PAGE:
One of the most important discussions around the new Sustainable Development Goals (SDGs) is who is going to foot the bill, and for what. Global leaders will meet in Addis Ababa later this year to discuss exactly that, and chart the way forward for mobilizing the financial and technical resources needed to make these ambitious goals a reality.
I am at the United Nations in New York this week, to make sure that farmers are not forgotten in this discussion. Current plans have gaps that need to be urgently addressed: namely targeting investments to get science and innovation into farmers’ hands.
Agriculture is critical to many
The good news is that the draft outcome document for this Third International Conference on Financing for Development does believe that investing in agriculture will have what it calls “rich payoffs” across the SDGs, not just those relating to hunger. Indeed, there are not many of the proposed SDGs that do not impact, or will not be impacted by agriculture.
Sustainable water management for example, is a hot topic in both developed and developing countries alike. And we stand no hope of improving water management without addressing the sector that accounts for almost 60 per cent of global freshwater withdrawals, which is agriculture. Similarly, in relation to climate change, agriculture accounts for around 30 per cent of greenhouse gas emissions (when paired alongside deforestation) and is also most vulnerable to its impacts, yet the sector also carries huge capacities to mitigate greenhouse gas emissions through sustainable farming practices.
Agriculture also happens to be the main occupation of millions of women all over the world who produce a vast proportion of our food. So supporting them to grow their businesses is going to be an important step towards gender equality, another key area the SDGs seek to tackle.
Ensure farmers can access tools needed
Sustainable water management for example, is a hot topic in both developed and developing countries alike. And we stand no hope of improving water management without addressing the sector that accounts for almost 60 per cent of global freshwater withdrawals, which is agriculture.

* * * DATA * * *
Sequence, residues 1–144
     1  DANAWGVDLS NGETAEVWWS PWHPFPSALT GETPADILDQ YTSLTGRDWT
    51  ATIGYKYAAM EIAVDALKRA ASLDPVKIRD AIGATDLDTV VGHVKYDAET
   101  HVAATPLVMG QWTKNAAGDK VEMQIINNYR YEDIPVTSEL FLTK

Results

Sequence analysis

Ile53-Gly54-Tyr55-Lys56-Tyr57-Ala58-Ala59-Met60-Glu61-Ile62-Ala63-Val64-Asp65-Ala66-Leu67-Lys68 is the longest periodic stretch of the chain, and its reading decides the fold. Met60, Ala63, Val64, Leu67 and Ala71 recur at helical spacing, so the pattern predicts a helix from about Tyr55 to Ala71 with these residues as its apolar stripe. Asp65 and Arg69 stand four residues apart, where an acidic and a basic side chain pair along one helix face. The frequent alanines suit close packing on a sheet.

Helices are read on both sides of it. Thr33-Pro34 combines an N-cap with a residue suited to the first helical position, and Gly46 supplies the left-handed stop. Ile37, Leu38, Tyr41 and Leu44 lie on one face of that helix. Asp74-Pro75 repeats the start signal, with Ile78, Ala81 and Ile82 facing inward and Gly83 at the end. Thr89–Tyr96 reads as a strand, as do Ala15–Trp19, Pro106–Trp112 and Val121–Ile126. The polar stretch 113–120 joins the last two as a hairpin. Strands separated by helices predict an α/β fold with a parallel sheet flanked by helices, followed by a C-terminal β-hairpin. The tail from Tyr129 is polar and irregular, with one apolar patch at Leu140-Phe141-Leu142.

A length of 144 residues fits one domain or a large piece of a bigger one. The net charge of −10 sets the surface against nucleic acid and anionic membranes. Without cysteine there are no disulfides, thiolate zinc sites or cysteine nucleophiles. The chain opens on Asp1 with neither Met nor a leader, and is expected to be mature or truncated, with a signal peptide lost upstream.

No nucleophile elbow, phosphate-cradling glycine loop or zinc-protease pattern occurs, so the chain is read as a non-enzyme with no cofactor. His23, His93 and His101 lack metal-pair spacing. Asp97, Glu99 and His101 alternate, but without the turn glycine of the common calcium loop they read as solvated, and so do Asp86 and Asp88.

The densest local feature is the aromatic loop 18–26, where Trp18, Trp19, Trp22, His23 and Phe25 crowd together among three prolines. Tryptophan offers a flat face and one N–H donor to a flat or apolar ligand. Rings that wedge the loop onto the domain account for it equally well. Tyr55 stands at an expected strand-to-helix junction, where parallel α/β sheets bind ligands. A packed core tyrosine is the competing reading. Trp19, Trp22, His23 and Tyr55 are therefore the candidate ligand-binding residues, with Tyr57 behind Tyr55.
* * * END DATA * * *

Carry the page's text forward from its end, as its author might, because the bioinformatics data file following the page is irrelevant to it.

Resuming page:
While the current draft outcome document commits to substantially increase public investment in rural infrastructure and agricultural research – which will undoubtedly contribute to the three focus areas mentioned above – I am reminded of a Malawian farmer colleague named Alice Kachere. She was amazed at the technology I had at my disposal to boost my yields and profits. Her one question was: how do I get this on my farm?
The scientific innovations that are discovered thanks to investments in agricultural research will be useless if we are not securing the funding required to get them to farmers like Alice. At a minimum, this requires investment into rural public goods, from transport infrastructure and electrification to education and functioning markets. From here, we need to be investing in successful models that allow vital inputs like drought-resistant seeds or drip irrigation packages to remote rural areas where an estimated 430 million people in the developing world live. This could take the form of helping agrodealers get trained and set up to sell seeds, fertilizer and pest control products to a community. It could take the form of getting warehouses built which can safely store large quantities of inputs, which can then be delivered to a central delivery point for farmers to collect. As our fellow Farming First supporter organisation One Acre Fund says, we need a “distribution revolution”.
Invest in rural extension services
At the same time, farmers need access to these tools and technologies, as well as how to use them. Services that offer advice to farmers, called extension agencies, have seen their funding slashed over recent decades. Both the private sector and NGOs are trying to fill this gap, but an injection of public funding would be hugely beneficial. It is going to be critical if rural farmers are to be empowered to produce more food to meet growing food demands.
It is clear that agriculture is the common thread which holds together the Sustainable Development Goals. Investing in agriculture is therefore one of the most effective routes to tackling not only hunger and malnutrition but also other key challenges.
Sue Carlson is Chair of the World Farmers Organisation’s Women’s Committee and a spokesperson for the agricultural coalition Farming First. This article is republished from Thomson Reuters Foundation.